We write about hundreds of products a week. Here, in our version of the Sunday circular, we’ve plucked out some of our favorites — expert-recommended essentials, life-changing stuff you didn’t know you needed, newly launched gizmos, and the very good deals we uncovered while trolling through the vast online-shopping universe this past week.
An ointment to help soothe irritation caused by face masks
Last week, a New York City doctor asked us to help “me and all the other health-care workers wearing an N95 mask and a plastic face shield figure out a skin-care routine that could make this less uncomfortable.” We, of course, sprung to action, putting together a full routine of calming and soothing products. Those who do not have time for a full routine, however, might find some relief simply from this ointment, which dermatologist Dr. Loretta Ciraldo recommends applying all over your face right before you put on the mask (a thin layer is more than enough). It will create a protective veil between the skin and fabric of the face mask, she told us.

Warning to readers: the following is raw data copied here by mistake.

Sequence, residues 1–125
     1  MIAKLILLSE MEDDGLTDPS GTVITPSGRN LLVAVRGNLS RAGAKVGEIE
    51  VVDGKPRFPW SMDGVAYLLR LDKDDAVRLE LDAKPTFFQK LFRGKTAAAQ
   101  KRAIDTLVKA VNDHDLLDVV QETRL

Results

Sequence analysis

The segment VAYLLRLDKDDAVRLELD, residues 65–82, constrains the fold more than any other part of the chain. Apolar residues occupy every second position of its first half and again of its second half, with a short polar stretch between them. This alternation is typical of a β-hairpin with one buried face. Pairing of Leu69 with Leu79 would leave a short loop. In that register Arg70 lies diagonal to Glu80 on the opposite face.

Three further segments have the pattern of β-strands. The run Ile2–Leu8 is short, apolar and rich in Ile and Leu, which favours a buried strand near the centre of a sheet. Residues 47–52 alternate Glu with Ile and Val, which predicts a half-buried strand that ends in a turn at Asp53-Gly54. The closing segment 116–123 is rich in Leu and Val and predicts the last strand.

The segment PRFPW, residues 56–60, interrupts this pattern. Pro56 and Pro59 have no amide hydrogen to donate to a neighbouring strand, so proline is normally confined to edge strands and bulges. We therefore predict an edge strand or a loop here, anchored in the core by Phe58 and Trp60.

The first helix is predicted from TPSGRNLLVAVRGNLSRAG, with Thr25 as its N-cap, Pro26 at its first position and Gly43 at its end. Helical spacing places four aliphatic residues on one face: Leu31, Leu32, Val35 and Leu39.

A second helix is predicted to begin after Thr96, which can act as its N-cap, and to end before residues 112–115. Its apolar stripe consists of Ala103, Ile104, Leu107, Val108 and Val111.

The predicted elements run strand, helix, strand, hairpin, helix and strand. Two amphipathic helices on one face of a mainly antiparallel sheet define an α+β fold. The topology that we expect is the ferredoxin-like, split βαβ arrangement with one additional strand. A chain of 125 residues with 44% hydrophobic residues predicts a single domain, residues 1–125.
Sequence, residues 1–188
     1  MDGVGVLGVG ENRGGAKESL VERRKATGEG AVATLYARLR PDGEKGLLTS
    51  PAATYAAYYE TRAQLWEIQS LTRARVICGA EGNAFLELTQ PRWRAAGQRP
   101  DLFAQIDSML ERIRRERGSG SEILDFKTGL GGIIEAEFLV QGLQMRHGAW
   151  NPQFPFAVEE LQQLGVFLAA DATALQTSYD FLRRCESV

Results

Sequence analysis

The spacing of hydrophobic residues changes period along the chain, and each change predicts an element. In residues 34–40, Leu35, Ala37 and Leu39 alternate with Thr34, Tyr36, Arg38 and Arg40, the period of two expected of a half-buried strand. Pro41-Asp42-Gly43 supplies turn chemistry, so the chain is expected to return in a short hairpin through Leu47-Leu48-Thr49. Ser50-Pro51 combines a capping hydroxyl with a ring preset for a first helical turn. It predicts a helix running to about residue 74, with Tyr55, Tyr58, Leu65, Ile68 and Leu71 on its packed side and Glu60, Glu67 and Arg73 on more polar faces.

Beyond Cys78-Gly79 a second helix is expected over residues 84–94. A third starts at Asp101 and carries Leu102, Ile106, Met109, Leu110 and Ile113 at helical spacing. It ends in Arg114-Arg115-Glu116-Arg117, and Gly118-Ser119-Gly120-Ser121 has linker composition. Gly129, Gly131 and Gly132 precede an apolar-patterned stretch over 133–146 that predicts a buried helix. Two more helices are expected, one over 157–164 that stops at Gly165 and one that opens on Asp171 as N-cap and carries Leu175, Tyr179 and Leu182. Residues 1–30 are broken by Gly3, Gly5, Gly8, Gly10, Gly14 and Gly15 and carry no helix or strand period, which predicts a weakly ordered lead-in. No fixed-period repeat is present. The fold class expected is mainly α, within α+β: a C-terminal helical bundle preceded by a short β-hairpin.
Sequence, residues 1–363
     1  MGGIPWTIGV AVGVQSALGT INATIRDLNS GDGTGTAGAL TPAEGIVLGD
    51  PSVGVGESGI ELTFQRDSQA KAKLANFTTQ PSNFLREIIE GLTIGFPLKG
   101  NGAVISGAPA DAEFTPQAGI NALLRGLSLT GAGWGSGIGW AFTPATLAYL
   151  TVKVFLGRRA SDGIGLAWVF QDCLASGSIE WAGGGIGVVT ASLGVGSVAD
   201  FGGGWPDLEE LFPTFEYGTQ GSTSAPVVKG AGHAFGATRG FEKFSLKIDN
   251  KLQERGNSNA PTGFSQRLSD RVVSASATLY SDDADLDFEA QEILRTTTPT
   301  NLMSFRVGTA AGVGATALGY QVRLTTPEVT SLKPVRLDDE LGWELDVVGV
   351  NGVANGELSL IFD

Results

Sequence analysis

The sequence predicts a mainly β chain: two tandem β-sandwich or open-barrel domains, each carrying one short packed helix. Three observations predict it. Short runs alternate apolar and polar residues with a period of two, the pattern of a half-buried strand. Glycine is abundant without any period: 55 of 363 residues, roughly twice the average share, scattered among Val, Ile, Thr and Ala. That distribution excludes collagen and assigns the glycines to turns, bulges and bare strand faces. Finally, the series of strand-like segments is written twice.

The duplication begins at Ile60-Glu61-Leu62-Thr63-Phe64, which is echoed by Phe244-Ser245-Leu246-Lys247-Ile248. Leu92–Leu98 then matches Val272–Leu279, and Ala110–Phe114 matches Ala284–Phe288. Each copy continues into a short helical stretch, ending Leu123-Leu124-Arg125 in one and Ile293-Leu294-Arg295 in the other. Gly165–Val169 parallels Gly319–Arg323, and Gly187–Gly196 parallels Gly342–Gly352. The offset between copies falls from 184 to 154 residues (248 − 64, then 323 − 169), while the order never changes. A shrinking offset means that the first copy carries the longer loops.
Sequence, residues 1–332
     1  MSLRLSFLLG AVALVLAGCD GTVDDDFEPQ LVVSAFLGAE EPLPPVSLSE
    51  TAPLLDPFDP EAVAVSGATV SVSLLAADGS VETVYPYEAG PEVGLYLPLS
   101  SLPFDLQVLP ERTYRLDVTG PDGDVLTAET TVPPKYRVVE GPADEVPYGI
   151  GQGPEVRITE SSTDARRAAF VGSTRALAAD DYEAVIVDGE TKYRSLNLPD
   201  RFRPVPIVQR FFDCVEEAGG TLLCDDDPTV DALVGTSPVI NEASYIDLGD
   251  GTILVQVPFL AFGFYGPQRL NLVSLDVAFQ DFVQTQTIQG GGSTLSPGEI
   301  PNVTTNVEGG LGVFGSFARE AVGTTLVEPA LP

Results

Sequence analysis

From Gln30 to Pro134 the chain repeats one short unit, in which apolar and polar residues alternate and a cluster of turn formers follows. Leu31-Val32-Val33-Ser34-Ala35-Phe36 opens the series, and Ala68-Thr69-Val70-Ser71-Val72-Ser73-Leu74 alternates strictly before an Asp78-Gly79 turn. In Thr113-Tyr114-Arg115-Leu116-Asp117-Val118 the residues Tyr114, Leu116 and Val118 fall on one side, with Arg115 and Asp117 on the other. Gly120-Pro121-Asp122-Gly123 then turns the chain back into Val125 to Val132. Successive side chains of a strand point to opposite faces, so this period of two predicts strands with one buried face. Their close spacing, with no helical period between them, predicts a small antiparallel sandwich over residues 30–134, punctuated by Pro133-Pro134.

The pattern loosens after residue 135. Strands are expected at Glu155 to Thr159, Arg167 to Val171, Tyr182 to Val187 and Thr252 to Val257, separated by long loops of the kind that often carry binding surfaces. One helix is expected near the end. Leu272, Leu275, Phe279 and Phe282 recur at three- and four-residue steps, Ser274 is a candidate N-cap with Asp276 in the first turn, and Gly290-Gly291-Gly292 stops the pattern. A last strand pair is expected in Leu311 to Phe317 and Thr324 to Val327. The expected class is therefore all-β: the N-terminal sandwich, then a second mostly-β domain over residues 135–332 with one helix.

The coloring book that’s keeping actress Angela Kinsey busy
“Since I’m basically homeschooling right now, we’re doing art in the morning, so we’ve been coloring more than we have in a long time,” the Office star told us when we talked to her about the things she can’t live without. “I sit with them and color in the Enchanted Forest book. All of the pages have these really cool, sci-fi, magical-looking places. Right now, I’m coloring a castle that’s floating in a sea of leaves in the sky.”
A thoughtful birthday gift for these times (as well as better days)